This is a post by our CEO, Maria Seidman, based on a burst talk she gave at xconomy mobile in NY
I am not a technologist. English was more my thing in college so that is why I’ll start with a quote from the playwright George Bernard Shaw who said that “life is not about finding but life is about creating.”
I thought I’d take my five minutes to talk to you about creating and the future of the app creation economy.
Today, there are ~ 700,000 apps on each of the iOS and Google Play app stores. The majority of these were custom developed. According to Vision Mobile, the average cost of development of an iOS app is $27k and for Android it is $23k. This cost is only going up – fragmentation is getting worse (there were 4,000 device/OS combinations for Android alone) and design and maintenance (currently at 25% and 10%) will continue to grow.
That is why Cross Platform Development (CPD) tools like Phonegap, Appcelerator, Unity and hundreds of others have fiercely multiplied over the past few years. These cross platform tools take HTML5 and wrap it in mobile specific native functionality. This enables developers who don’t know how to code for iOS and Android to rapidly deploy apps across multiple platforms. Phonegap alone accounts for 4% of the apps on the app store and my estimation is that ~10% of the apps in the store use one of these CPD tools.
These dynamics will continue to play out, but they only point to a continued growth at the current pace of apps (the number of apps grew 40% last year). I would argue, however, that we are about to hit a hockey stick in the number of apps created. This thesis is at odds with many industry commentators who believe that apps are temporary and compare them to AOL vs. the open web.
Speaking of the web, let’s take websites as an analog. There are ~ 620M domains online today. Yet 60% of those came online in the last 2 years alone. While the web is thought of as a ’90s phenomenon, the reality is the hockey stick is now.
At the beginning, the web was a one to very many medium. One website (e.g. AOL) reached millions. Then came the marketing phase where companies and brands went out and hired Razorfish or Sapient and spend millions to create a website. The modern web (web 2.0 and up), however, is where the explosion really happened. I would argue that this was because the web went from a one to many communication, to personalized (Facebook), customized (iGoogle, MySpace, Tumblr, etc.) and created (WordPress).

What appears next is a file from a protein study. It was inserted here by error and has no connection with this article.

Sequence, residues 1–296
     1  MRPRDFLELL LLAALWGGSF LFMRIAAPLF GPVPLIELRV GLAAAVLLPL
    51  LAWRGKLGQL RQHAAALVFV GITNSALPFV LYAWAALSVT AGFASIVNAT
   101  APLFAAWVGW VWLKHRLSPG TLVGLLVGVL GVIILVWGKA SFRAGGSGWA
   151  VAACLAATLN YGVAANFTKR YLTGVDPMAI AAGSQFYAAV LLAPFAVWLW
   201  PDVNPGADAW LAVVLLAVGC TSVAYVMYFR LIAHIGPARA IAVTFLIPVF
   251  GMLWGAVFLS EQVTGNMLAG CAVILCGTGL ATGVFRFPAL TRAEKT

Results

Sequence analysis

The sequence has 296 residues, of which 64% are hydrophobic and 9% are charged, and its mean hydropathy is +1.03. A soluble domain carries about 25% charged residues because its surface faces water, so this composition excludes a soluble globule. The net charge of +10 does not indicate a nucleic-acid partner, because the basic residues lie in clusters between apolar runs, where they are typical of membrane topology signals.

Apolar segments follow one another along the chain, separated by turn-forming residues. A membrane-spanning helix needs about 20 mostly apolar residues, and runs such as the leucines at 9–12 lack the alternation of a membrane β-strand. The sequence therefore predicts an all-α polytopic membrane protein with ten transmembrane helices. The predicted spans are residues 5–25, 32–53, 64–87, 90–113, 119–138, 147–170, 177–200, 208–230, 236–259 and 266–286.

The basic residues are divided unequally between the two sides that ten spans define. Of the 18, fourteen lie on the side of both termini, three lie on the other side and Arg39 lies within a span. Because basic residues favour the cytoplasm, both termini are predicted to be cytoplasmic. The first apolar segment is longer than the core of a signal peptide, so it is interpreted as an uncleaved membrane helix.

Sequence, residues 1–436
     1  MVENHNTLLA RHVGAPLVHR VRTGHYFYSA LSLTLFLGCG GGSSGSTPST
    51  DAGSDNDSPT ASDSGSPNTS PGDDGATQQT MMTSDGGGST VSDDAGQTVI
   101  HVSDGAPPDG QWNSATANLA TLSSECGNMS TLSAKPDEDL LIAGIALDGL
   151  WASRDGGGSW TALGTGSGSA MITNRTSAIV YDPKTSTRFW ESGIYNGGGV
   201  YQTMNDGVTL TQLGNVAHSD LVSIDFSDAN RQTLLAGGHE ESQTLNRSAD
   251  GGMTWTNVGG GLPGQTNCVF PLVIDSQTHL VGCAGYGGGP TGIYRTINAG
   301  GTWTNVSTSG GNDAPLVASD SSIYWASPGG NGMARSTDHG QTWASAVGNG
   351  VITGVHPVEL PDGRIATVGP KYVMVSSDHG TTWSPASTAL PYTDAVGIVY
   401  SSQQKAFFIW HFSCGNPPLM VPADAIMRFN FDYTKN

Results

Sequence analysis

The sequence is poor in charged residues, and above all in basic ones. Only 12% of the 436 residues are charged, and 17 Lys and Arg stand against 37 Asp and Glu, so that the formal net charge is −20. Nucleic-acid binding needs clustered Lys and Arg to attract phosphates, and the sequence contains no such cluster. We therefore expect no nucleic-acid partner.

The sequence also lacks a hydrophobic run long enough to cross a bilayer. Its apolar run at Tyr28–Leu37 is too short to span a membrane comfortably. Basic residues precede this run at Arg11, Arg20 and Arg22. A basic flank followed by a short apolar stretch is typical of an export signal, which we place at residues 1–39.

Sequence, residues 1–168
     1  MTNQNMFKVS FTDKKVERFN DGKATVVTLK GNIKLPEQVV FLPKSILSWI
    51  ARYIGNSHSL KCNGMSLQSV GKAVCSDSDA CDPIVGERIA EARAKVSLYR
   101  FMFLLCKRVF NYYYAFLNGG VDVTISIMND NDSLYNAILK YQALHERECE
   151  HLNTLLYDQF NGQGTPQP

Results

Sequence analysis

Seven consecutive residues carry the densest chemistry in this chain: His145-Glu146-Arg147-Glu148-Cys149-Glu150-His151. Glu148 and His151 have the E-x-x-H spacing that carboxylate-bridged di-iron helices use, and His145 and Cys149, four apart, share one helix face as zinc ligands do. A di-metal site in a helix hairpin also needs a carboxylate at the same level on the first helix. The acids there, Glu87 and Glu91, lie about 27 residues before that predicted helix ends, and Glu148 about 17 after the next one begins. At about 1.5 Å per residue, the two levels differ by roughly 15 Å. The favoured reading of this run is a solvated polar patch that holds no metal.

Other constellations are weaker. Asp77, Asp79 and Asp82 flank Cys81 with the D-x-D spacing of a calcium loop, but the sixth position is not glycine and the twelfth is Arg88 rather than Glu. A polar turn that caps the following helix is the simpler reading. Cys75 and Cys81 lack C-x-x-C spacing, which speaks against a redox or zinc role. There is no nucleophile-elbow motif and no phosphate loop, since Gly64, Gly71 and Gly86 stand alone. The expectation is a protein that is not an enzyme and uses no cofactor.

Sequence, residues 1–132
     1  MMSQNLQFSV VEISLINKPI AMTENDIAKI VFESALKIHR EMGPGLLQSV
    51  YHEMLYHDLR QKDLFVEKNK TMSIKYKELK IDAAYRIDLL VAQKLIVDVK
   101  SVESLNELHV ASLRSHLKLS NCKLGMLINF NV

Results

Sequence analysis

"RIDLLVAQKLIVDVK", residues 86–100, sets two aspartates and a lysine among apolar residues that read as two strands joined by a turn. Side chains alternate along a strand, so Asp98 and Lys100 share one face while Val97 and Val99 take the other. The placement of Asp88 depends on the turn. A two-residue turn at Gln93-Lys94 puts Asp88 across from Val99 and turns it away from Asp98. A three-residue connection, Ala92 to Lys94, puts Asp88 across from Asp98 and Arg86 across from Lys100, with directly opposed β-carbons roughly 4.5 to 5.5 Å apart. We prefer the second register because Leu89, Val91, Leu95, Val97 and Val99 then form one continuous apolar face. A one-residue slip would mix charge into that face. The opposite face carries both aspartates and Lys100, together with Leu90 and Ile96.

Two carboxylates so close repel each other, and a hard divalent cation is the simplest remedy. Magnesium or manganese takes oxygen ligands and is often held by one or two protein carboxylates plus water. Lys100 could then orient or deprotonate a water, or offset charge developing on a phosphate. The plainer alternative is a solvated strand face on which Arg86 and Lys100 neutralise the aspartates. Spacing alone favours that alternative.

Back to apps. In 2008, it was really big brands and garage developers that started on the platform. It was a one to (not yet so) many platform if you think about the early apps. Quickly every brand felt they needed to be on the platform with marketing or brand extension apps. Today, any successful app is by definition personalized. It’s not about the weather – it’s about the weather where you are standing right now. It’s not about news, it’s about your Twitter feed, curated news. Some apps have also introduced customization – Instagram isn’t about photos – it’s about customizing your photos with a filter. What about creation?
As the concept of “democratization” moves down the long tail – app creation for developers (CPD tools), for companies, for SMBs, and now (with Yapp) for consumers – we will begin to see the the real dawn of app creation as we enter the next phase of the app creation economy and a movement along the personalization, customization, and creation continuum.
With hundreds of millions of apps, finding them will be the next big challenge.